How to achieve time goals in practice but not in meets
September 24, 2014 at 1:02 pm #1917AnonymousInactive
USRPT sets can mask the problem of high stroke rates. Lactic acid does not build up like it ordinarily would because of the shortness of USRPT repeats.
So one conclusion that may be drawn is that swimmers with high stroke rates will be disappointed with their meet performance relative to similar swimmers with lower stroke rates.September 24, 2014 at 2:41 pm #1918
Can you elaborate more on that? Is the first sentence a quote from somewhere?
What events are you talking about? 100’s? Or longer distances as 400/500’s, 800’s?
You state something and draw a conclusion, can you back it up with data?September 24, 2014 at 2:48 pm #1919
For the record: I don’t agree that a “high” stroke rate is a bad thing. I have my swimmers do the longest stroke they possibly can hold in a rhythmical fashion. You could understand rhythmical as “high(er)”.
E.g. in front crawl you will attain higher stroke rates when being able to hold upper arms in one line during the arm movement. In contrast with a “slower” catch-up (or hip-driven, or whatever you want to call it) stroke.
A long (distance-wise) stroke is good, because of the long power phase. That doesn’t necessarily mean a slow stroke. You can make long strokes at a “high” rate.
Please also define what you consider “high” in your claim.September 24, 2014 at 5:33 pm #1920AnonymousInactive
My claim is that if swimmer A and swimmer B both achieve the exact same times in 100 of stroke USRPT sets, then the swimmer with the lower stroke rate (strokes per second) will swim faster in the meet.
Of course I did not learn this in a laboratory – it is an observation based on what I have seen with the 4 swimmers I train.
Has anyone else observed this? If the answer is yes then maybe this should be examined by those who use and/or study USRPT.September 24, 2014 at 5:55 pm #1921AnonymousInactive
One thing that Rushall has said is that swimming has less lactic acid buildup than track because of the relatively longer recovery periods within a swimming stroke. If my observation is shared by many at least it syncs with Rushall’s theories.September 24, 2014 at 6:34 pm #1922
Could you share the race paces, volumes in training (rep’s made at race pace), race results and stroke frequency in both training and race for those 4 swimmers? I would be very interested to see that data.September 25, 2014 at 2:54 am #1923AnonymousInactive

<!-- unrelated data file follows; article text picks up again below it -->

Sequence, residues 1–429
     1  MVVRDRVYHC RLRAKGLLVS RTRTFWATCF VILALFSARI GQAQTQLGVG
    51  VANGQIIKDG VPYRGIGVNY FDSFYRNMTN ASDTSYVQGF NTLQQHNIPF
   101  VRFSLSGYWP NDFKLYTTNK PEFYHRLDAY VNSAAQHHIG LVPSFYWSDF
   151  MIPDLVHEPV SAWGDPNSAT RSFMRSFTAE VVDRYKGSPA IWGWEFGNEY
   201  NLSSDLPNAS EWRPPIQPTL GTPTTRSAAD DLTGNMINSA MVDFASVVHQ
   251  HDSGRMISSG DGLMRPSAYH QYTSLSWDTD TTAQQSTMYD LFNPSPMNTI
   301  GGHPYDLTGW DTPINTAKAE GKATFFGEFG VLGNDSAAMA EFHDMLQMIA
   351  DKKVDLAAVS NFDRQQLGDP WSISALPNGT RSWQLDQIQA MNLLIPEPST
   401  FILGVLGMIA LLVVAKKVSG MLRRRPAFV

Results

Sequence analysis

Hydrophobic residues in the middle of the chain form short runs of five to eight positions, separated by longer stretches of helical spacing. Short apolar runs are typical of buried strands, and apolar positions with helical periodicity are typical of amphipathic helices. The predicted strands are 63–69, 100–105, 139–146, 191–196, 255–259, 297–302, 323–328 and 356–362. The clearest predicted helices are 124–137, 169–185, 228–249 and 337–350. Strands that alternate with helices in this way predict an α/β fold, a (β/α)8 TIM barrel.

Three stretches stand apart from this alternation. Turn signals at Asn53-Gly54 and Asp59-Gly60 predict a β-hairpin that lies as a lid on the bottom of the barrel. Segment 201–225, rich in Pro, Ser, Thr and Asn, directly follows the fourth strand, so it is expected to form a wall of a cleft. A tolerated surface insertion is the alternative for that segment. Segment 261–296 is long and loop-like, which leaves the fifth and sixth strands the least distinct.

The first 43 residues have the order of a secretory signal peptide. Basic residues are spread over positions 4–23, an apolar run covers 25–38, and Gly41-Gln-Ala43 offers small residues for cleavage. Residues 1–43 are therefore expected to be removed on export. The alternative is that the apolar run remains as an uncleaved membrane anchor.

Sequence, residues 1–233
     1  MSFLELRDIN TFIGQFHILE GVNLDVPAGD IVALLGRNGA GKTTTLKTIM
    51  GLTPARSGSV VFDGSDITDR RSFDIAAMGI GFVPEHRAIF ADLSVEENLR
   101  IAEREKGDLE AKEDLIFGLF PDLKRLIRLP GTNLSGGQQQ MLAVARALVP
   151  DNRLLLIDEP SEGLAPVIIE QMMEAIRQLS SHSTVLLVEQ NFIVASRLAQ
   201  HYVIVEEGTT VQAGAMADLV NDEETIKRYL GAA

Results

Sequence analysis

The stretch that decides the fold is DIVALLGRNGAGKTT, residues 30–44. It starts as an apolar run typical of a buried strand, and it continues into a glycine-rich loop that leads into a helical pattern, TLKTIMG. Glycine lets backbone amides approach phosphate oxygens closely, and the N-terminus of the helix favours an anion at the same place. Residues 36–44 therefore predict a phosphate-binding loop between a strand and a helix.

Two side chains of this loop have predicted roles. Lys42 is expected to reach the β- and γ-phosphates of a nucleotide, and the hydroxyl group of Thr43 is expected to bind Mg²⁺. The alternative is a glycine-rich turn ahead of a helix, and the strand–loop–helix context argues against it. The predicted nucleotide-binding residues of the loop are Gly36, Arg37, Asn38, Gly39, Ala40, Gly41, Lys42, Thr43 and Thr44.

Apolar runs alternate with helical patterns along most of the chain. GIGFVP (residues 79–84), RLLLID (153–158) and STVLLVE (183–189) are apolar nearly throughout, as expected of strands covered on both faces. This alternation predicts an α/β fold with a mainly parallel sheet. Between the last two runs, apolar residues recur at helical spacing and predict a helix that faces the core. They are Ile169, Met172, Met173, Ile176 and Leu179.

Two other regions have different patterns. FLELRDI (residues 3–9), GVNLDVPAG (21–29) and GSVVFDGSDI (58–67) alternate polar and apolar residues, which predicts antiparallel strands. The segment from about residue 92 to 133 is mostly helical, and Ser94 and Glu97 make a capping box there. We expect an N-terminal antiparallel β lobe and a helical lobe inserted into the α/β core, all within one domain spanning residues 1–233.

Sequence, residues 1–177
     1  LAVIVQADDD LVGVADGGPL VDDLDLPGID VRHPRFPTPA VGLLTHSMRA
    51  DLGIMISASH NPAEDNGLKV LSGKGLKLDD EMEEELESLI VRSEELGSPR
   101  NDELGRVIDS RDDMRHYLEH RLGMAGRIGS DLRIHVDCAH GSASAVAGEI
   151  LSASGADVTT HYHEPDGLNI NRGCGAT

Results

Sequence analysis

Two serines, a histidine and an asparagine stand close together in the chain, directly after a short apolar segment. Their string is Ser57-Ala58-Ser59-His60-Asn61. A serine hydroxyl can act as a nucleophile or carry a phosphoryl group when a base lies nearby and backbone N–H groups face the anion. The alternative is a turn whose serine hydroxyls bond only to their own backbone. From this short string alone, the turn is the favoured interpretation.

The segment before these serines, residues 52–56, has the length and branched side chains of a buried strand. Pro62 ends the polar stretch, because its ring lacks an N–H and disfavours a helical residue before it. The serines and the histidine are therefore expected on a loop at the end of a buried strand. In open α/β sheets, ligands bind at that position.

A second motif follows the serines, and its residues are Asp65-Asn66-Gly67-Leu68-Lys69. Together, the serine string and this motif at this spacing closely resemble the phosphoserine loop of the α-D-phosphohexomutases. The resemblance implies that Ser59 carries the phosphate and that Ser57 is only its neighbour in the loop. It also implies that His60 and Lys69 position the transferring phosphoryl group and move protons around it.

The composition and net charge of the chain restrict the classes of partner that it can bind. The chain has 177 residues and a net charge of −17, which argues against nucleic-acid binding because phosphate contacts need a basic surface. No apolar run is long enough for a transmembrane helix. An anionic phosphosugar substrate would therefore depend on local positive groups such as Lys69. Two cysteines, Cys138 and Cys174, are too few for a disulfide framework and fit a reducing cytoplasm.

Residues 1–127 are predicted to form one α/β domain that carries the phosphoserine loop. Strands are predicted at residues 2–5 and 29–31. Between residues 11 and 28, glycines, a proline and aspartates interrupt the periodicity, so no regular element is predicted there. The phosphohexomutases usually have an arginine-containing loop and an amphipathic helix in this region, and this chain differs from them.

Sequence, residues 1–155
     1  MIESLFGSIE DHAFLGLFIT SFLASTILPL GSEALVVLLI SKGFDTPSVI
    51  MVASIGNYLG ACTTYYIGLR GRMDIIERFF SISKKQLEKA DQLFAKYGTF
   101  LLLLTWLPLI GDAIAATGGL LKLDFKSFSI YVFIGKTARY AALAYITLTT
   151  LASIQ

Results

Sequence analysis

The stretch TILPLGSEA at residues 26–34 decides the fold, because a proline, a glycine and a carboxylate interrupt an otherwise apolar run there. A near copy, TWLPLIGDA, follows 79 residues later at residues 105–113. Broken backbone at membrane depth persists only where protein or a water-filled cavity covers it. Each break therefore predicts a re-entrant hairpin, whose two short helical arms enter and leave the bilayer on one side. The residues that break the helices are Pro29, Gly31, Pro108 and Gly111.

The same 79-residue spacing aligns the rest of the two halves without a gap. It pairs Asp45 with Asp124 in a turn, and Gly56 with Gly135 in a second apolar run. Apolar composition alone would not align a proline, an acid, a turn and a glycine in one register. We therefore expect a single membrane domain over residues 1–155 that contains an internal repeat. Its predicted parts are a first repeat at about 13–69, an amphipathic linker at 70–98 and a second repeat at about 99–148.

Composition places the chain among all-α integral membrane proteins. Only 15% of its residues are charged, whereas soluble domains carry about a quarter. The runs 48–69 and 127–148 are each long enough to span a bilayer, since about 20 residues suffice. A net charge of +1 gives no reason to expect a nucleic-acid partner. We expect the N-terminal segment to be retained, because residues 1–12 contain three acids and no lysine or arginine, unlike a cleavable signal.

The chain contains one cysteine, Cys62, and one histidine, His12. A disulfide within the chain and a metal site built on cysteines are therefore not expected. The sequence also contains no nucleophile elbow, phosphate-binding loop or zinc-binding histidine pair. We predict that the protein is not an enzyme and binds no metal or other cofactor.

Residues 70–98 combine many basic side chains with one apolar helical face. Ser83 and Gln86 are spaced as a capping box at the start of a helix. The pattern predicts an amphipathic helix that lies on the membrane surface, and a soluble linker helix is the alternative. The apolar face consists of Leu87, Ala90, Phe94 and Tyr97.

I have some of what you want:
100br sets in 20 yd pool, sets done on 35 seconds interval
Both had goal times of 17 for the past 3 sets
One used high rating to average between 15.5 and 16.2 and “swept the set” which means all of the 20-25 repeats see made with no failure. The other used lower rating to average 17 seconds approximately and may be only average 10-12 successful repeats. The higher rating swimmer’s brain was trained to do high rate swimming and lactic acid and slow times struck by the 3rd 25 of the 100 br. The slow rating swimmer started with a slow rate and had the energy to finish hard in the end. The slow rating swimmer was about 1 second faster in meet than high rate swimmer.
I have other examples but this is the best one. Has anyone else noticed this effect? I think Peter Andrew cares about this type of thing as he is very concerned about MAs stroke counts in 200 fly sets.September 25, 2014 at 4:10 pm #1925RickParticipant
I experienced the same thing with breaststroke sets. Was training the 100/200 with 16 x 25’s and 12 x 50’s. goal times were :16.5 for 25’s and :36 for 50’s on 30 secs. and 55 secs. intervals. Swimmer finally got close to completing set, but he was swimming at a stroke rate that could never be sustained in a race. He said that’s what he had to do to make it. I explained that if he isn’t training the way he races, then we aren’t going to get the results.
I raised goal times to 17.5 and :37 and asked him to swim it the right way. he did, and we have lowered the goal times to :15 and :33.25 in two months. It took some time to convince him that the faster way is the way they race. It takes a lot of reinforcement, but it is really a cool thing to see my swimmer training his br. with a solid technique and form that looks identical to how he races.October 20, 2014 at 8:14 pm #1972coacherikParticipant
It doesn’t seem to me you are talking about a high stroke rate, but a stroke rate that is not sustainable for a race for a particular athlete. It says to me that the pace they are maintaining isn’t their actual 100 pace in practice. Or they just aren’t confident in their ability to maintain that type of rate at a meet?
? All The Way, HLA!
All The Way, HLA!
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